I am not so reactive anymore, after a few months here. Collecting funds and pretending to support albino children is quite common all across the country, I’ve since discovered… If we make too much fuss, they might shut us down, in revenge and to cloud the issues.
Of course, now that the Tea Party has a majority in U.S. Congress, who knows what deceit and trickery our own politicians will manifest, with self-righteous pomp? … How could Edward Snowden win the Nobel Peace Prize and also be “wanted” by the law?
I continue to (try and) teach the toddlers most mornings….and there is, perhaps, some incremental improvement. Instead of throwing up my hands and huffing off when the kids completely “break out” of control, I now save face by handing out colored pencils and papers, before I slink away.
I’ve initiated a water-color project with the older children, which we’ve all loved. I take four or five kids at a time and we retreat to a shady, sandy area outside. We relax and play with shapes and colors. The kids are thrilled to see their work on the wall.
And, upon closer inspection of the “nyumbani pinki” (pink house)….I see that the wall mysteriously dissolves… to reveal the dining table where I drink my “forbidden cup of coffee” every morning, that no one is ever allowed to look at, as they walk by.
I go to the big city of Mwanza, every week now, to obtain wifi access to send these Tales, and to apply and send off grant applications for the Center.
These journeys help me measure my progress with Kiswahili, and the culture in general. I now delight in the small winding alleys of the market-place, in my exchanges with the vendors.. When I climb off a pikipiki (motorcycle) and arrive at the Busuruga bus station, everyone seems to know where I’m headed…the pineapple vendors come over and give me the best deal, the water vendors know I want a bottle of water… If someone is pushy or yelling, I can say (in Kiswahili),
Hey, man take it easy.
That ends it, immediately. No one yells “Hey, mzungu!” anymore….partially because I’m wearing strange outfits that I sewed from a traditional kanga, with a proper shawl over it all.
But when two young men made a lewd comment at the bus station last month, I responded slowly and sternly, in Kiswahili,
Wouldn’t it be better to say “shikamoo” (a term of respect for elders)?
They vanished, fast.
I love to take my “Happy Walks” in Mwanza, which is to go nowhere in particular, looking and seeing and smelling, and blessing everyone as if they are or once were my mother….. Something wonderful always happens.
There is a famous monk in northern Thailand, named Ajahn Jumnian. He is renowned for his happiness, and the way he broadcasts this energy. I feel the same way about a little girl here, named Violet…We have incredible exchanges every day, just making sounds back and forth. Vi seems to have an extra supply of “happy chemicals” stored in her endocrines/brain….she starts giggling and twirling, smiling … anytime.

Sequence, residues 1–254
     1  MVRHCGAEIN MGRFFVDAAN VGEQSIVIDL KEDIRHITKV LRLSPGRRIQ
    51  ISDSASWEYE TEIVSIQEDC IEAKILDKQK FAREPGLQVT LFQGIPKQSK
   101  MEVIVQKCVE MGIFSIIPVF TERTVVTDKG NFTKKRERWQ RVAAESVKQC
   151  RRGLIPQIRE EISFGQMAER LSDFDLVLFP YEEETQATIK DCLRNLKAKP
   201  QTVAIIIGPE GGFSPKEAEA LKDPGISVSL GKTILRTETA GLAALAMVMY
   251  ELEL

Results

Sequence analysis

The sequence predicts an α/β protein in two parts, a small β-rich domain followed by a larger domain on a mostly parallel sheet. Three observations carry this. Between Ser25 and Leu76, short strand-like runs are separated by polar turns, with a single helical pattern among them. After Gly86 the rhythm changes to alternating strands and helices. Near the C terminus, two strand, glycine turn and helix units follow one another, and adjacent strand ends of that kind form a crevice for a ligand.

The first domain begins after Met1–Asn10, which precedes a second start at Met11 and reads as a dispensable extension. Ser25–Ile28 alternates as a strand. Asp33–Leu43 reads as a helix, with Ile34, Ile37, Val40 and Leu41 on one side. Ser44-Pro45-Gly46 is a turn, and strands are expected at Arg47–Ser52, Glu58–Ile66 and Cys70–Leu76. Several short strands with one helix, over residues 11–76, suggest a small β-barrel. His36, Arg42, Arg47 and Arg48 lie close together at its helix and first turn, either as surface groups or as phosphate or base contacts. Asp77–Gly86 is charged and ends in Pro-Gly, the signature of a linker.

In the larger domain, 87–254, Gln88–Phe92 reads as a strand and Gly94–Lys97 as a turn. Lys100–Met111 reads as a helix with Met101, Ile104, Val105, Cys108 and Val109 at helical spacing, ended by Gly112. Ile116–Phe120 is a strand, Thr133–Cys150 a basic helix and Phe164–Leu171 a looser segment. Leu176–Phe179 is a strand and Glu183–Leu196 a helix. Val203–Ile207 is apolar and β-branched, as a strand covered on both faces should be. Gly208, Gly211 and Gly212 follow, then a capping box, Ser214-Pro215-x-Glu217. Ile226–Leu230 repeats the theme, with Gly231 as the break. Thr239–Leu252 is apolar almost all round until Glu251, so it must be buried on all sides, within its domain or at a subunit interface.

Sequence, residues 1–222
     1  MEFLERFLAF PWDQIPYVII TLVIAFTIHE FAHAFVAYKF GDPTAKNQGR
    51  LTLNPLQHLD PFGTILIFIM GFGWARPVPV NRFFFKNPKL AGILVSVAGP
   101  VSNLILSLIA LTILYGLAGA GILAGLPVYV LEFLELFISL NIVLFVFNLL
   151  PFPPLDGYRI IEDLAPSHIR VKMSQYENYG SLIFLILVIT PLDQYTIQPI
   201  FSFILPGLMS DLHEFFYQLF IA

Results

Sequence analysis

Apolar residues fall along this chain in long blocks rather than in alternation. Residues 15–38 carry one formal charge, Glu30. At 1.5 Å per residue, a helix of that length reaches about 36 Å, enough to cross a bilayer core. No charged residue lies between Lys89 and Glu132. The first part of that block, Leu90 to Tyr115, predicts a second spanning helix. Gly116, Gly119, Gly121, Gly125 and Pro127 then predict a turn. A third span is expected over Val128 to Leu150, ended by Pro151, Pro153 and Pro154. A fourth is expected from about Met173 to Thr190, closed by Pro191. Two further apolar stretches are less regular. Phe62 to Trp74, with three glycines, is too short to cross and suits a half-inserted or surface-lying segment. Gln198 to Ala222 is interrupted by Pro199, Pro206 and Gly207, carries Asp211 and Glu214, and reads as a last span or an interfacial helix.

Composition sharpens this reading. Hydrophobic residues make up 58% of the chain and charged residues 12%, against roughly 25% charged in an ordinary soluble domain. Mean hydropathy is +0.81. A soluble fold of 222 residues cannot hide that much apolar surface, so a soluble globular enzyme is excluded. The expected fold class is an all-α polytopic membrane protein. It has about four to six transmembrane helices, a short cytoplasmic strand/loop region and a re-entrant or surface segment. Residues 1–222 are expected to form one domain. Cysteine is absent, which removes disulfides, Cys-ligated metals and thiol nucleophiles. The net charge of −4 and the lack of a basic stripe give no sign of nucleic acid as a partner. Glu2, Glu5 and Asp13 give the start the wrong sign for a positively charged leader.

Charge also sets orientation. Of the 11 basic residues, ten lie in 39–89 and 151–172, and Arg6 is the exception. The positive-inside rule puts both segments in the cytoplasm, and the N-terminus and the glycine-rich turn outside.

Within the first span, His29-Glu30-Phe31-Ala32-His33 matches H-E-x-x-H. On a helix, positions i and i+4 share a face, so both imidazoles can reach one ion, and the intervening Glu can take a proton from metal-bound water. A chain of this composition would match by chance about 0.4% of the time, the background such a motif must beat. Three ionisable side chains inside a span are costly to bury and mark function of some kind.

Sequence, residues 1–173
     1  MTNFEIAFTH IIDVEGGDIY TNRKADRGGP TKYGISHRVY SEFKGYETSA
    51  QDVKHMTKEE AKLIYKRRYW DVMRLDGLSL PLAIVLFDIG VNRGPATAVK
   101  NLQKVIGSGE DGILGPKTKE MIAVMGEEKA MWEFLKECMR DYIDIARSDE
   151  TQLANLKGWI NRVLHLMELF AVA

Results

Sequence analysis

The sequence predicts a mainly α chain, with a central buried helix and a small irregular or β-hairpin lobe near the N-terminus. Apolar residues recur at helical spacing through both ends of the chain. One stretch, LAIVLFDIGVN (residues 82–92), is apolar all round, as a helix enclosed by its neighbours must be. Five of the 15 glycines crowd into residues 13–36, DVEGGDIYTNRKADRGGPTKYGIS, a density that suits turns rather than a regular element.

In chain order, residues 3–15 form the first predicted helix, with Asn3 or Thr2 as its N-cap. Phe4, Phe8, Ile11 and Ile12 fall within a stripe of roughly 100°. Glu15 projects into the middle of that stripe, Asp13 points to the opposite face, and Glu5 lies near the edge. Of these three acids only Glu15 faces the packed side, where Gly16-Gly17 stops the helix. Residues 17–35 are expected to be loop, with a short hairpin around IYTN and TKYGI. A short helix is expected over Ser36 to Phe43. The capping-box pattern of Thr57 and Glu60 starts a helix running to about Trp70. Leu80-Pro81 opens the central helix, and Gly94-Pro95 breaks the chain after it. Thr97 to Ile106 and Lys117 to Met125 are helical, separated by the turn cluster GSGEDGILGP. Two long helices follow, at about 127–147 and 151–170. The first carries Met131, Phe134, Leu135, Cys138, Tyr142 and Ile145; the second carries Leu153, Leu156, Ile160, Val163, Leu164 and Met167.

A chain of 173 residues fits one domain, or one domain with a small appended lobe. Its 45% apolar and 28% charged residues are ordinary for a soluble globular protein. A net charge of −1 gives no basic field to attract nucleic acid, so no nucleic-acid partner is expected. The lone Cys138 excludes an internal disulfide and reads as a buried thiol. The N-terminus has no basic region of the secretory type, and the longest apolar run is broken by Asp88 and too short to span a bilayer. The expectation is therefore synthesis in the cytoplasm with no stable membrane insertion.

If my memory serves me, Violet even resembles Ajahn Jumnian quite a bit!
However, every time I pick up my I-pad to record this phenomenon, either the picture is blurred, or Violet becomes somber and wanders away.
I’ll be heading home to America, in about two weeks now. I’m wanting to concentrate my energy, and my focus …to send special love to each child, and to be more useful to Sister Helena. I want to improve my Kiswahili so I can understand the children’s many songs and what they’re asking me….
I’ve begun the practice of expanding the word “Yoga” with my buddies Josiah, Mama Miriam and Paul, the wonderful staff here.
For instance, Mama Miriam is teaching me “Ugalli Yoga”. She is showing me how to make five gallons (!) of polenta, in a giant pot over a hot smoky fire…We are fortunate enough to buy the firewood, instead of the girls or women who walk miles to find it somewhere…. in Afghanistan, there are also explosive hidden landmines waiting there…
So, the first time we made ugalli together, I “got it”:
This is practice in aversion –
*I burnt my ankle with a flying ember.
*My eyes watered from the smoke.
* the heat was extreme, in the little wooden hut, with a big fire
* I knocked the huge pot off the cooking rocks, as I stirred the polenta
* There is a special way of twisting one’s arms to stir the polenta with the yard-long wooden spoon, so it won’t burn, and to smoothing out the lumps.
* African women I’ve seen seem to have their own version of “Firewalking” on hot coals, that we do in America. It is: picking up a metal pot of boiling liquid with their bare hands, off the firepit. I still lack faith, at this point.
…..all the while the smoke was pouring into my eyes and lungs..
Mama Miriam and her daughter Monica laugh a lot, while I stir and fuss.
My studies continue, in this and many other subjects (i.e. pulling water from the well in a bucket…”Water Yoga”…and we’re lucky enough to have a well. I see village children scooping brown water from a small hole in the sand with a cup, cause their family cannot afford to use the village well.)
Here is Baby Marcelina, in her new birthday dress. She turned one last week. Marcelina’s been here since she was two days old. Her mother died in childbirth.
She certainly has a blessed existence, as she is universally adored and attended by everyone. She is also the 24/7 entertainment channel for the kids and staff. It’s been amazing to see her change so much, in the three months I’ve been here. She’s starting to walk, to eat everything, to talk and to expand her social circle to include me and others.
Not to mention doing “Downward Facing Dog,” Upward Facing Dog, and other yoga postures.
Kwaheri, marafiki. (Bye, friends)
….tu onanah….see you soon.